Influence: Miep Gies

Welcome, one and all, to a new feature on The Height of Life I like to call “Influence.”  Actually, that’s what everyone will be calling it… because that is its name.   It’s really important to have positive role models, especially ones who reflect who you are and who you want to be.   Fortunately, these role models really are all around us, although they might not be in the spotlight.  I thought I’d expand past the usual suspects of bonafide celebrities in my search for people who give good influence (not hatin’ on celebrities, not saying that there aren’t plenty of role models to be found within the glossy pages of Tiger Beat, but I just want to cast the spotlight on some lesser-known but fully deserving interesting people who are doing interesting things.   Some of these interesting people also happen to be tall.  Others are not, but are tall in character.  I’m always on the lookout for new subjects for Influence, so if you have any suggestions (or would like to nominate your fine self) please shoot me an e-mail.   Any feedback is totally appreciated.

I’m thrilled to announce that Miep Gies is the very first subject for Influence.  Best known as one of five Dutch citizens who worked together to hide Anne Frank, her family, and other friends from the Nazis in World War II, Gies truly is a lasting example of courage and heroism.  She passed away on January 11th, 2010.  She was 100 years old.

I first read The Diary of Anne Frank when I was eight or nine years old.  That book acted as a gateway to the history, literature and testaments of the Holocaust for me- – so much that I ended up getting an MA in War Studies, with a focus on genocide, memory and denial.  When I was younger, my teenage flair for the melodramatic, combined with my runaway imagination, would often will the events of only half a century ago to seep into the present.  I would examine ever room in my house for the best places to hide, or to hide someone else.  I’d hear a knock on the door and imagine that a Nazi inspector was standing there.  All this bizarre activity on my part was an attempt to understand what it was like to hide for your life, and what it was like to hide others, often at the risk of your own life.   What it was like to be Anne Frank.  What it was like to be Miep Gies, who was the last surviving member of the small group who hid Anne and her family in the Secret Annex, and more famously, the woman who saved Anne’s diary in hopes of returning it to her at the end of the war.     

Earlier this year, Miep Gies passed away at 100 years of age, and so the last living connection to Anne was severed.   The entire world mourned, especially the girls who loved to read Anne’s diary, for they would grow up to be women who loved Miep Gies, and who hoped, if ever the situation called for it, that they would have the strength and character to do what she did.   The very existence of the Holocaust denies us any chances for closure, or any fist-pumping, “triumph of the human spirit”- types of happy endings.   However, the stories of the Annes and Mieps which later emerged give us a small bit of hope and belief in humanity.  They provided us with something, anything that was positive and redeeming, in the midst of an irredeemable “no man’s land of the mind,” as Elie Wiesel once described Auschwitz (the death camp he survived) and the Holocaust.  I believe that is why the popularity of Anne’s story continues to endure.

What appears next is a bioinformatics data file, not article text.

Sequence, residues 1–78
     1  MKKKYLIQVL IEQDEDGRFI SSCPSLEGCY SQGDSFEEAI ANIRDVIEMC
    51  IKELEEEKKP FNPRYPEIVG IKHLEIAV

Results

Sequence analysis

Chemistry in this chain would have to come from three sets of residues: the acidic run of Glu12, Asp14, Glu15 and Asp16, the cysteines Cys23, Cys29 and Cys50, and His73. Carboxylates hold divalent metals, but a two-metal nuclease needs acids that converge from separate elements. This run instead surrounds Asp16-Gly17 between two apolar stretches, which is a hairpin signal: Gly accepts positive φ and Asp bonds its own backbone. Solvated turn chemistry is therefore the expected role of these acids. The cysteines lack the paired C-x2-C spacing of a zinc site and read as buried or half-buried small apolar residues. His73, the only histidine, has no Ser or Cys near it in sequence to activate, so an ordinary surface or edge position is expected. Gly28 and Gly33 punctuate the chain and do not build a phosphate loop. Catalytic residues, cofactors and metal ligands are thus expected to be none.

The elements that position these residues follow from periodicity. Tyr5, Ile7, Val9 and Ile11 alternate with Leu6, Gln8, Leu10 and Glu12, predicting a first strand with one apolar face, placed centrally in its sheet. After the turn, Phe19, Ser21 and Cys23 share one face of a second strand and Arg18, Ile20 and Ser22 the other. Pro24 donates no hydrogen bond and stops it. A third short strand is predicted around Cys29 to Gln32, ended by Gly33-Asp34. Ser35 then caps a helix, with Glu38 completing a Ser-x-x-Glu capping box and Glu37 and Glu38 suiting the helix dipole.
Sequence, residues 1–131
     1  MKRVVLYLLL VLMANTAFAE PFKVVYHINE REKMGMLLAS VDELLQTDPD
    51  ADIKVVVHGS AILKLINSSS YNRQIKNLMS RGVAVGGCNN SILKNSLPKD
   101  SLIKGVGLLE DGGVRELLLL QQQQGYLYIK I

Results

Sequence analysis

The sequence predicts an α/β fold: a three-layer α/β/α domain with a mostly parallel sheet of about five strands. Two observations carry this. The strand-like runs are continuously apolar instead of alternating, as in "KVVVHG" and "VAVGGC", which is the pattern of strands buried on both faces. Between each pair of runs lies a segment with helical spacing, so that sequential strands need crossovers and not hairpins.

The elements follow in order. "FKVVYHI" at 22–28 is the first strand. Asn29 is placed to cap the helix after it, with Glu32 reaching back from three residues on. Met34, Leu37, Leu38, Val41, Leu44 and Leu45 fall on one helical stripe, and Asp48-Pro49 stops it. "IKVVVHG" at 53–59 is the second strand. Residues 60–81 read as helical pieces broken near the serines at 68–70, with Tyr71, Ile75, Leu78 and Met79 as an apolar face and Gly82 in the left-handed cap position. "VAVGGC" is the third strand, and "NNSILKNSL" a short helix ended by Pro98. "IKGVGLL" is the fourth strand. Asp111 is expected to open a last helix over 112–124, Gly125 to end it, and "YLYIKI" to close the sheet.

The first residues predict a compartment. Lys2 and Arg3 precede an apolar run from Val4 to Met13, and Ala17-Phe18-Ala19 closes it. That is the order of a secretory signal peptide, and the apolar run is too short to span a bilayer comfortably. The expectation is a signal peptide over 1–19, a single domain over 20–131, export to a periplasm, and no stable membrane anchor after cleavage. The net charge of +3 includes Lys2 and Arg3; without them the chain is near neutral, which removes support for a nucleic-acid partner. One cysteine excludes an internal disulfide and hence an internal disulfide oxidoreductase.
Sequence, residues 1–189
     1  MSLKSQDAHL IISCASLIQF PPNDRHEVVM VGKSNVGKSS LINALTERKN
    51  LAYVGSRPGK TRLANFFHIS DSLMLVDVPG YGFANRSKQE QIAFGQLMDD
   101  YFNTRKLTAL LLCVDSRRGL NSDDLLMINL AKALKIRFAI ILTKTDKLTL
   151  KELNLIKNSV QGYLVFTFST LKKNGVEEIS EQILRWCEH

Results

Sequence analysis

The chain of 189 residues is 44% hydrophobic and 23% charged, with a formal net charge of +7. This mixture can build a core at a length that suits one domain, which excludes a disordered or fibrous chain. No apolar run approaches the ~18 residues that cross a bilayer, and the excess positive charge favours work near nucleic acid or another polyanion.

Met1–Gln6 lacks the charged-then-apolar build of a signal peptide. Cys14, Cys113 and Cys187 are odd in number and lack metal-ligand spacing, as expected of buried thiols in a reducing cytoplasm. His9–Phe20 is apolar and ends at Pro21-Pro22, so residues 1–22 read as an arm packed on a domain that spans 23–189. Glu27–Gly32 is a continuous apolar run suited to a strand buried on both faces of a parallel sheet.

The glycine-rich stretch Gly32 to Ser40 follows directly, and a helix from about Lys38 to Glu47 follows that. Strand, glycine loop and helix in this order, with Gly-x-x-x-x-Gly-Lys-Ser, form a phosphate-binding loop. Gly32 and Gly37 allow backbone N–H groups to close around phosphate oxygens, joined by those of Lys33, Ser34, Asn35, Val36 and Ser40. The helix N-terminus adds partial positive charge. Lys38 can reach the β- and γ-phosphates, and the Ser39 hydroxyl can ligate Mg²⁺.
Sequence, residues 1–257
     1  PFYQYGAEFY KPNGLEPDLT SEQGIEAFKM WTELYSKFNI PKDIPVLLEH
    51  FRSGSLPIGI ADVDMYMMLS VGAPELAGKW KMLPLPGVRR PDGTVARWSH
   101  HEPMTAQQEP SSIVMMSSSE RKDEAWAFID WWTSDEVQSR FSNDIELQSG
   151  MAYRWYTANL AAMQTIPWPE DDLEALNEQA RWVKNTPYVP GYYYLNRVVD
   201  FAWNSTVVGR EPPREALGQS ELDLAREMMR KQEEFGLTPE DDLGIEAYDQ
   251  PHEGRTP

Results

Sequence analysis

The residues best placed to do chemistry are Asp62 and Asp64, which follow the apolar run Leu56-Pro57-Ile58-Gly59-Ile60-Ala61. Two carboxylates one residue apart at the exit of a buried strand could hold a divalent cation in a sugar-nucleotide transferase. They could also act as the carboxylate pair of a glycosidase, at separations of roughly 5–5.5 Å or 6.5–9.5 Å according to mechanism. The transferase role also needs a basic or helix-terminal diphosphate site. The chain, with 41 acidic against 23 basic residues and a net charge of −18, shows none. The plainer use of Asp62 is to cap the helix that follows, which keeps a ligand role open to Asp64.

Although the monstrous dictates of the Holocaust and the Second World War were created by world leaders and other People of Great Importance, there was no shortage of ordinary people willing to carry them out.  Thankfully, there were also committed, ordinary individuals of limited means who were still willing to risk everything and perform acts of extraordinary courage and kindness.  Miep’s story is not one of glorious triumph and heroic recognition.  Rather, Miep’s story is defined by an unwavering sense of human duty and belief in the inherent humanity of others, as well as a quiet, humble courage.  It speaks volumes that Miep didn’t even read Anne’s diary before handing it over to her father, the lone survivor of the Secret Annex.   As a society, we tend to think that it must be extraordinarily difficult to be a truly horrible person, even in times of war and chaos, but the truth is is that it is extraordinarily difficult to be a truly good person, especially in times of war and chaos. 

According to Miep Gies, “You don’t have to be a hero to do your human duty… who was a hero?  I was not.  I was just an ordinary housewife and secretary.”

A grateful and humbled world begs to differ.  We should all strive to be so “ordinary.”

3 Responses to “Influence: Miep Gies”

  • Fran Says:

    Hey Kylie!
    Just got your email. So far I’ve read about the dutch model and this dutch woman who helped hide Anne Frank. Are you of Dutch heritage? I’m not, but everyone keeps telling me I should go to the Netherlands. “What’s your shoe size?”
    “Usually 10.”
    “you should go to Holland, that’s the DISPLAY size.”
    “What?! Are you serious?”
    “Oh yeah. 10 is the size you can just grab off the shlef and try on to see if it fits.”
    “Oh my god, I have to go to the Netherlands.”
    Not to mention that the men are all hot and tall too. North America, what the hell? After China (I grew up in China) I expected to come back and for all the men to be at least 5″10. Ha! They are not.

    ANYWYAS…Love you blog Kylie! Check mine out too:

  • Latest gossip Says:

    Pretty nice post. I just stumbled upon your blog and wished to say that I’ve really enjoyed surfing around your blog posts. After all I will be subscribing to your rss feed and I hope you write again soon!

  • Mya Says:

    This was novel. I wish I could read every post, but i have to go back to work now… But I’ll return.

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